Should President Biden's recent pay-for-votes forgiveness of student loans make you nervous if you own government-guaranteed securities?
Although it seems highly unlikely, the student loan giveaway could create a slippery slope that leads next to mortgage forgiveness for veterans or some other protected or politically favored class, or some other form of federal debt relief.
In that event, what would happen to so-called government-guaranteed securities backed by VA mortgages if the president declared that some or all of those loans were forgiven? Why not FHA loans, that are made to many of the same people who have student loans, i.e., those who supposedly have trouble paying back their loans or getting them in the first place because they have marginal credit or can’t afford a large down payment.
It wasn’t very long ago that Fannie Mae and Freddie Mac, the twin secondary mortgage agencies, failed and were taken over by the government, leaving equity investors with shares worth next to nothing (both are currently trading at about 50 cents a share on the pink sheets).
Before they went bust during the global financial crisis, it was widely assumed that Fannie and Freddie were backed by the full faith and credit of the U.S. government, which turned out not to be the case (as that great legal scholar Felix Unger reminds us).
Assuredly, mortgages backed by the VA and FHA are different animals than those issued by Fannie and Freddie, but that doesn’t mean they’re invulnerable (they historically have high default rates). With interest rates on mortgages now north of 5% and a recession possibly looming, how long will it be before pressure grows on Biden to give the weakest homeowners a break?
Now it doesn't seem so far-fetched, does it? Today student loans, tomorrow home mortgages. How far do we want to take this?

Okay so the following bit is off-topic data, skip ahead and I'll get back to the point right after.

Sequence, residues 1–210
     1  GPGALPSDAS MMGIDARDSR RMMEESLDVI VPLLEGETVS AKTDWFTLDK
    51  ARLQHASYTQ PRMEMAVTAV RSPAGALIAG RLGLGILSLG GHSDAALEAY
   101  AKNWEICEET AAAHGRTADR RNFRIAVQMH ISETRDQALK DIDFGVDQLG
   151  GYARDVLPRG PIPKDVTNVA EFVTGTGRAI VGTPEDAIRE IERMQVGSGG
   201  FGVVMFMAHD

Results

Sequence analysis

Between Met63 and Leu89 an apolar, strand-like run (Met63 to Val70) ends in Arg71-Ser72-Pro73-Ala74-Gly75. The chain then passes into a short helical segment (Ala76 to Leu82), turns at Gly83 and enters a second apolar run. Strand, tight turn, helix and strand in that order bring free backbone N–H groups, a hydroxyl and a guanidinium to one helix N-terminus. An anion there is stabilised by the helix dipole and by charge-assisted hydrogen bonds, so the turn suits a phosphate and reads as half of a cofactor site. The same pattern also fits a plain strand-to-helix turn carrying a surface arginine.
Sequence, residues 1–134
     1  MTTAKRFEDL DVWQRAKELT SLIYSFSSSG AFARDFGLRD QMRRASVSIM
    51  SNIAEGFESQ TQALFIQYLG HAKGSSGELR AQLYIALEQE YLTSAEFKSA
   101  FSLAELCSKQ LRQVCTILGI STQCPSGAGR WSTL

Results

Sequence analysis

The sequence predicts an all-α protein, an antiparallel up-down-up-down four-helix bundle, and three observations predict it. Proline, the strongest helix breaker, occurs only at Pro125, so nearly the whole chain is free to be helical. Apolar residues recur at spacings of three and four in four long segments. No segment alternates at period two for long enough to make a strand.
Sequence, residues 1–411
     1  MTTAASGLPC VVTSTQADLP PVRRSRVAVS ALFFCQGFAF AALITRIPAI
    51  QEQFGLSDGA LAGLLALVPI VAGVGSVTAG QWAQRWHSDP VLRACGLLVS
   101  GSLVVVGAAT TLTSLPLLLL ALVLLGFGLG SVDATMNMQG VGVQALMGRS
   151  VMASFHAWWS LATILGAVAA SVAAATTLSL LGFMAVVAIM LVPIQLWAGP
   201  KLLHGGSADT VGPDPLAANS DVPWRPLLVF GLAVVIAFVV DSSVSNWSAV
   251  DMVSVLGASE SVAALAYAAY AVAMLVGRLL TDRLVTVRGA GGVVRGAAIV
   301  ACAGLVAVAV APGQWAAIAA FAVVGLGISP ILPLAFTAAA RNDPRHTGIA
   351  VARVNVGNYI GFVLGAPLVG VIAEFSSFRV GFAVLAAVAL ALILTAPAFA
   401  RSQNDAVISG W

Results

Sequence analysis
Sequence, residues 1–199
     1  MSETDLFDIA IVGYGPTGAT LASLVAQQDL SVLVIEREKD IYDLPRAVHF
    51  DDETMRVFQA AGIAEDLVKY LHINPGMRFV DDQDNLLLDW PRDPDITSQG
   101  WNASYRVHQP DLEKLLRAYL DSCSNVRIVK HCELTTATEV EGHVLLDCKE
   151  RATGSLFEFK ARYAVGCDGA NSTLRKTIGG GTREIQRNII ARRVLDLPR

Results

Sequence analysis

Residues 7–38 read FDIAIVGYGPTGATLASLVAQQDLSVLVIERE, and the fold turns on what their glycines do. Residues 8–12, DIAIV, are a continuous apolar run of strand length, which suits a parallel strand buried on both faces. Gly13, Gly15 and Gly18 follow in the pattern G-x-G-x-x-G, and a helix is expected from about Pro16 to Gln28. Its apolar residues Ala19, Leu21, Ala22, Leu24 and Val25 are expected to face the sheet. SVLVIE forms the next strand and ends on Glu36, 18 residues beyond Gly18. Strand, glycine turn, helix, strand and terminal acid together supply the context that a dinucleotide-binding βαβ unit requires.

In the past we've heard some people say we should weaponize Treasury securities against our foreign adversaries, such as the Chinese, who own so much of our debt. Does this now become a little less of a fantasy and more of a possibility, as our relationship with Beijing continues to deteriorate and the president is in such a forgiving mood?
The actual dollar cost of Biden’s student loan giveaway has yet to be calculated, but it’s safe to say it’s a lot more than he and his defenders claim. Some analysts say the total cost will be about $1 trillion, which certainly seems reasonable. It could certainly add up to a lot more, if and when those saps who are still repaying their loans wake up and realize that they have indeed been duped and demand forgiveness, too, or simply stop paying.
Politicians love to play fast and loose with debt, as long as it isn’t owed to them. Since the global financial crisis of 2008, government officials and politicians on both the left and the right have heartily endorsed Modern Monetary Theory as a way to solve today’s economic problems by simply wishing them away. Have the government issue massive amounts of debt backed only partially by tax receipts, with the rest purchased by the Federal Reserve, and all will be well. Now they’re writing a new chapter of that theory, which involves simply erasing parts of that debt by the mere stroke of the chief executive’s pen.
One important thing missing from the MMT playbook is taxes. According to the theory, the government can continue to spend money and run massive deficits until inflation is created, at which point it should turn off the spigots and raise taxes and put everything back into equilibrium. But as we know, no or little tax increases are on the horizon, certainly not in an election year, despite federal debt of more than $30 trillion.
The current administration likes to blame inflation on everything but out-of-control government fiscal spending. Rather, Vladimir Putin, supply chains, greedy corporations, etc., are to blame. Fighting inflation, the president tells us, is the sole domain of the Federal Reserve, and he will do nothing to threaten its independence. Except he does want the Fed to use its bank regulatory powers to decide which industries get access to funds (solar energy, electric vehicles) and which don’t (oil and gas producers, gun manufacturers).
Which leads us into the next potential mine field. If things go wrong for companies in the most favored categories, will the government or the Fed step in with even more subsidies or some kind of debt relief?
These are the risks we run when the government plays favorites in an otherwise free economy. Hopefully, most of these scenarios will never come to pass, but as the student loan bailout should teach us, anything can happen.
Disclosure: This article is the opinion of the contributor themselves. The above is a matter of opinion provided for general information purposes only and is not intended as investment advice. This contributor is not receiving compensation (other than from INO.com) for their opinion.